Industry Focus: Sean Glass DJ and Founder of Win Music

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Magnetic Mag Sean Glass

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Image Credit: Stuart Tracte

Welcome to Magnetic’s Industry Focus, a series where we highlight the major players working behind the scenes of the EDM biz. These are the folks running the record labels, representing the artists, promoting the shows and just getting it done. They may not get the shine of the DJs on stage, but they work just as hard making sure the parties are packed, the music is perfect and that the artists are where they need to be. We’ve decided to shine the light on the behind the scenes movers and shakers. Today we highlight Sean Glass, DJ and founder of Win Music.

How did you start your career in the electronic music business?

I credit my DJ career with everything, both starting me out, as well as dictating my decisions today. I hope to always be able to say this. I feel that the perspective DJing gives me on culture as well as judging music live in clubs rather than in an office building is an important foundation behind my work.
Going further back, there are a few key moments. For one, I come from a long line of dance music people. My grandfather had Sam Records, a disco label, and Win Records, his onestop. My dad was a DJ, and has been working on aspects of dance music forever. My uncle is one of the most influential people in house music, with the legendary Nervous Records.
I credit two other friends, Geoff Anenberg, who was interning for my dad while I was in high school, and got me into DJing. Now Geoff runs real estate downtown LA on all the cool warehouses. Jason Armon encouraged me to use my indie sensibilities on the dance space and together, we really explored EDM and the underground in the last few years, found our niche. Jason partnered with Craig Pettigrew recently on Cult Artists, and they’re managing or about to be managing every important deep house artist it seems like.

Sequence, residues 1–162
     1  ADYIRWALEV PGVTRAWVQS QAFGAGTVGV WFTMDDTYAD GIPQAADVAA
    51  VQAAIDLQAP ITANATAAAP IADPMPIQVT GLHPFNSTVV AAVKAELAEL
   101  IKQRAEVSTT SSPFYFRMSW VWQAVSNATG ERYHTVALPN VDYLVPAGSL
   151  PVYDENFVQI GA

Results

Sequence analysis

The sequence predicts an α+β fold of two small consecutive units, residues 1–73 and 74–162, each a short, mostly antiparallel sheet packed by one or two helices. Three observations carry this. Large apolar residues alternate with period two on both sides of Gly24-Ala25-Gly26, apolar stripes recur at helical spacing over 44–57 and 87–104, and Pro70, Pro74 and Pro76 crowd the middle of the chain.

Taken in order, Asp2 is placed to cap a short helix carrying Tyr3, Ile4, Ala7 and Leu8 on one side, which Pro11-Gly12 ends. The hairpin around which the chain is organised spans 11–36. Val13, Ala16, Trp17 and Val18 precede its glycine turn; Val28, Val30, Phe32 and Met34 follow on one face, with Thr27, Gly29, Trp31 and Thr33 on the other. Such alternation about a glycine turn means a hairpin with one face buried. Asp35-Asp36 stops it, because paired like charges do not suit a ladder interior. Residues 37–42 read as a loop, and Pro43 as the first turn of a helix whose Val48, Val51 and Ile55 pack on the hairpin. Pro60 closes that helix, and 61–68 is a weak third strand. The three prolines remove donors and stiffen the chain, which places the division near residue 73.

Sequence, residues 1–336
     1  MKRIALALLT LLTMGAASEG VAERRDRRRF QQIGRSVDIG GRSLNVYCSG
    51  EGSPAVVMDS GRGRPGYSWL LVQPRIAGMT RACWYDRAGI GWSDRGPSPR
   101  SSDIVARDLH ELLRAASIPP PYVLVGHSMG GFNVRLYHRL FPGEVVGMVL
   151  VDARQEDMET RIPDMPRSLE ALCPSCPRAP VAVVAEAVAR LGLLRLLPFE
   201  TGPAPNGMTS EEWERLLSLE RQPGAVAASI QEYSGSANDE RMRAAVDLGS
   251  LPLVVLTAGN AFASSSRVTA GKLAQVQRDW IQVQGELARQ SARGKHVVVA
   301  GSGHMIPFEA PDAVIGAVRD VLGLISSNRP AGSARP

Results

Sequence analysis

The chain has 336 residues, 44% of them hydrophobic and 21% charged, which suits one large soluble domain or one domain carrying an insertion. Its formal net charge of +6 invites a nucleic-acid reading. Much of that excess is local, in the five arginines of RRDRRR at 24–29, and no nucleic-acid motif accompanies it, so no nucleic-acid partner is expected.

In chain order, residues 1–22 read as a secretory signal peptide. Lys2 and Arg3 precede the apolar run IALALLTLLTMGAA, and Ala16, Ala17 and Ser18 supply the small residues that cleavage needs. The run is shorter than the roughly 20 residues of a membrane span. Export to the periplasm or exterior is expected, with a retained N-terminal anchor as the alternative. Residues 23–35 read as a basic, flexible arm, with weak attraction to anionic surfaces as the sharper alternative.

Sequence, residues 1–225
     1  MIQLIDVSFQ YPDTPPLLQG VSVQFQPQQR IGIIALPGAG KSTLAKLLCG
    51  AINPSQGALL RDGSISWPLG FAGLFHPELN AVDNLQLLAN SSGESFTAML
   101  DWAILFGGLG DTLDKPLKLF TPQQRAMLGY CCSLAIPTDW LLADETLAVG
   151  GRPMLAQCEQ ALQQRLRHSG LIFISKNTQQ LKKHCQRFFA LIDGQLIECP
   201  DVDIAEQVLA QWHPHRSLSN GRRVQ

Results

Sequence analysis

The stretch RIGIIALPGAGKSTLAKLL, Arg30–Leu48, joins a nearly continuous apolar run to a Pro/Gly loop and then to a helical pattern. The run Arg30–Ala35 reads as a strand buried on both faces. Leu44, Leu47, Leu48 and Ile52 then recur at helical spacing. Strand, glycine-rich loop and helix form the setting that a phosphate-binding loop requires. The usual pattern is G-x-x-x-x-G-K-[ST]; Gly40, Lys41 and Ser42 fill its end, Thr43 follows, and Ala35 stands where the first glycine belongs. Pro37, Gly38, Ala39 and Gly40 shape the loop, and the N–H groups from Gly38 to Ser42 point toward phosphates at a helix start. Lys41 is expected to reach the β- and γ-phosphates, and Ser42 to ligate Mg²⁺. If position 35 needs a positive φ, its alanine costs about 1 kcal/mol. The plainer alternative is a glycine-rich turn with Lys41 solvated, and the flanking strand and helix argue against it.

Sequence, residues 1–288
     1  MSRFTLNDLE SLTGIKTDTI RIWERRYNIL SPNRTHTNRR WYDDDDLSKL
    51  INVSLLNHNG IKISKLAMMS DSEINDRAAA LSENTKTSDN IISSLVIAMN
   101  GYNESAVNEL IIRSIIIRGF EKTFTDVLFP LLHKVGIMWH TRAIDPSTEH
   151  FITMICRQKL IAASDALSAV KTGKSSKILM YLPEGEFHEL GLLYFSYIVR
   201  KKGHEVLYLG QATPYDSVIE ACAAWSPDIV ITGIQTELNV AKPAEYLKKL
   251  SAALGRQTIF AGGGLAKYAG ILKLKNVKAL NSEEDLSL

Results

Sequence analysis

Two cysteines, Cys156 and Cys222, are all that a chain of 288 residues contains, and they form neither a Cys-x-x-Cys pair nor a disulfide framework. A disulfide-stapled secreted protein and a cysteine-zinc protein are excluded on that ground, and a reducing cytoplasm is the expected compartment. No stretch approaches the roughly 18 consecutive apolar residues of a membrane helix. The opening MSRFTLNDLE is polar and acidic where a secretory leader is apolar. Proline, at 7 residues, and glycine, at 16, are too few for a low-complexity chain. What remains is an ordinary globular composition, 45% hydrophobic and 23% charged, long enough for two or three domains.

Long story short on Win Music...I was DJing while A&R’ing...then I was booking shows and venues...then I wanted to book emerging artists...nobody else was developing or promoting them...I thought that was fucked...so I just decided to do it. Took a few years to decide how...and hopefully will figure it out eventually!

What is the best part of the business?

I believe we’re actually changing the world. I know this sounds ridiculous, but I mean it. I believe a world where more people listen to Duke Dumont is a better place. His music excites people, makes them happy. People who listen to Flight Facilities are more sophisticated, sensitive souls. My friends and I do an adult summer camp thing - Adam Tichauer's Camp No Counselors. I DJ at all of them. It’s not a regular gig, I’m playing for non-music people, regular, mainstream crowd. Last year I had to play bullshit like Afrojack, EDM junk. This year I got to play Duke Dumont, Flight Facilities, Clean Bandit, Ten Walls, and well, like Mustard on the Beat obviously. I cannot tell you how much pleasure it gives me to have watched culture shift in the last year. I don’t care if it’s becoming a cliche, or if it’s inaccurate, the “deep house” revolution is fucking awesome. I was really happy when Duke got his Grammy nomination, but honestly, nothing compares to playing his tracks for a diverse, mainstream crowd, and having EVERYONE flip out. Those moments are what I live for.